MGM Resorts ‘in early stages’ of selling The Mirage
MGM Resorts International CEO Bill Hornbuckle said the company is starting the process of selling the operations of one of its Las Vegas Strip properties.
Updated November 3, 2021 - 6:00 pm
MGM Resorts International is looking to sell the operations of The Mirage, company CEO Bill Hornbuckle said Wednesday.
“I mentioned in the past that we are happy with the amount of exposure we currently have in Las Vegas. As such, we are currently in the early stages of a process to sell the operations of the Mirage,” Hornbuckle said Wednesday during a quarterly earnings call.
Hornbuckle did not mention an asking price for the property or any potential buyers.
The selling of The Mirage would be the latest in a flurry of recent casino transactions as operators look to capitalize on what has become a hot market for Las Vegas Strip properties since the gaming and tourism industries roared back from the COVID-19 pandemic faster than most expected.
MGM’s decision to sell a property came down to capital allocation and wanting to diversify the company’s holdings, which made The Mirage “the obvious choice,” Hornbuckle said.
The company currently operates 10 resorts on the Strip — MGM Grand, Bellagio, Aria, Vdara, Excalibur, Luxor, Mandalay Bay, The Mirage, New York-New York and Park MGM — and will soon add The Cosmopolitan into its portfolio.
“We have enough of Las Vegas,” Hornbuckle said.
Originally developed by Steve Wynn on the former Castaways site, The Mirage opened its doors in November 1989 and helped lead the way in the megaresort boom on the Strip. MGM acquired the resort in 2000 when it bought Mirage Resorts for $4.4 billion.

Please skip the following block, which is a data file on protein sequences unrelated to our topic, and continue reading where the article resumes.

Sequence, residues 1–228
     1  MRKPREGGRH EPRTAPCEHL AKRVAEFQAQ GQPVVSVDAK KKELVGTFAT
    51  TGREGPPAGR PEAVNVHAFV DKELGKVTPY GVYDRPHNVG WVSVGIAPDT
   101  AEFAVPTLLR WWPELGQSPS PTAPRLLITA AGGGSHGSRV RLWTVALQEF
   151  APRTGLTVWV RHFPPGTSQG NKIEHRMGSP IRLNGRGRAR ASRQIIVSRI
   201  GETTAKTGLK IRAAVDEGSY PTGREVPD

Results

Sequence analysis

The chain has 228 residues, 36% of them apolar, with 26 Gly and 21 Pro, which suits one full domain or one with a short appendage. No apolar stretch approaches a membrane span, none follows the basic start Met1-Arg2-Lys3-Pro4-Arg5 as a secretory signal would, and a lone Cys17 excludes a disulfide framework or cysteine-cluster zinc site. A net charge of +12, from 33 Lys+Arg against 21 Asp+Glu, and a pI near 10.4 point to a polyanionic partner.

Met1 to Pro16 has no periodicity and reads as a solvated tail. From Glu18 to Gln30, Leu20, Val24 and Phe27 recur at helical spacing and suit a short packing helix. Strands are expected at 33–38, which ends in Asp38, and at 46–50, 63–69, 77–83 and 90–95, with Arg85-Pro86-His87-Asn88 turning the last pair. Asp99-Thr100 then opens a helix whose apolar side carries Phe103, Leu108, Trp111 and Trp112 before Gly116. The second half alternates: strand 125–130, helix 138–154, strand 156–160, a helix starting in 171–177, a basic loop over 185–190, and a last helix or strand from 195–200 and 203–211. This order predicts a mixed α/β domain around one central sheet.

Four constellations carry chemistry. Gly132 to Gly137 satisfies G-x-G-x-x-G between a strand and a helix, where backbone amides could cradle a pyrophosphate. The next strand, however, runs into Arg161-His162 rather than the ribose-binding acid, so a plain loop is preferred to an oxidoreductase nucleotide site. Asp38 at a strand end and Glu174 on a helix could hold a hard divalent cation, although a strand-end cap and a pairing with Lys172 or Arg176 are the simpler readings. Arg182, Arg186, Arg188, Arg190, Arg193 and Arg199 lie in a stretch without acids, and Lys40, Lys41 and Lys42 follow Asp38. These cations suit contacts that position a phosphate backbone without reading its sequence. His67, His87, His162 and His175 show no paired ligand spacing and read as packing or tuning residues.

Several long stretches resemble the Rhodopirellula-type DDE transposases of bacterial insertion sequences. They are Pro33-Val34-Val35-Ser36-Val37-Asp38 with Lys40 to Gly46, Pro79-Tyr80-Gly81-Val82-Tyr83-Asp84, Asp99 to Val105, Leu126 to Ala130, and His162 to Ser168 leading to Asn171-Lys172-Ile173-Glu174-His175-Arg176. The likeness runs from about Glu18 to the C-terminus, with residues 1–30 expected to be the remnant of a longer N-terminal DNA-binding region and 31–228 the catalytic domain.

Hornbuckle, who was part of the team that helped open The Mirage more than three decades ago, believes the resort still has plenty to offer with the property’s renowned villas and its center-Strip location on 77 acres.
“This is an amazing property and I’m excited for somebody to come in and make it their marquee property,” he said. “I think the right owner could do a lot. But it just fell pretty far down in the spectrum of how much in capital we’d allocate to it in any given period of time in the near future. And so we just took a strategic decision to sell it.”
As for MGM’s other properties, Hornbuckle indicated in a letter to employees that the company has no major changes on the horizon.
“We are committed to continuing to maintain and develop our existing Las Vegas portfolio, with no plans for other changes on the Strip at this time,” Hornbuckle wrote in the letter sent Wednesday.
Changing its portfolio
The gaming giant recently announced that it was purchasing the operations of The Cosmopolitan of Las Vegas for $1.6 billion.
It also recently moved to buy out its partner in CityCenter for $2.1 billion, and take full control of The Aria and Vdara resorts, then turned around and sold the property to The Blackstone Group for nearly $3.9 billion in a leaseback deal.
The underlying real estate of the Mirage is owned by MGM Growth Properties, which is being bought by New York-based Vici Properties in a $17.2 billion deal that was announced in August and expected to close in the first half of 2022. MGM Resorts still owns the operations of the resort, which is what the company is looking to sell.
One of the other major strip operators, Caesars Entertainment, is also looking to sell one of its Las Vegas Strip properties. Caesars CEO Tom Reeg said Tuesday the company is looking to start that process in early 2022, although the company has yet to say which property it is looking to offload.
In Caesars earnings call on Tuesday, Reeg that “this is an opportune time” to sell a Strip property.
Hornbuckle and MGM clearly agree.
MGM Resorts reported a third quarter net income of $1.3 billion on $2.7 billion in net revenues for the three month period ending Sept. 30. That compared to a net loss of $602 million on $1.1 billion in revenues in the third quarter of 2020. MGM shares closed Wednesday up 82 cents, or 1.7 percent, at $48.70 on the New York Stock Exchange.
Contact Colton Lochhead at firstname.lastname@example.org. Follow @ColtonLochhead on Twitter.
MGM Resorts International
Third-quarter revenue and earnings for Las Vegas-based MGM Resorts International, operators of MGM Grand, Bellagio, Luxor and Mandalay Bay, among other Strip properties. (Nasdaq: CZR)
2021: $2.7 billion
2020: $1.1 billion
2021: $1.3 billion
2020: ($602 million)
Earnings/(Loss) per share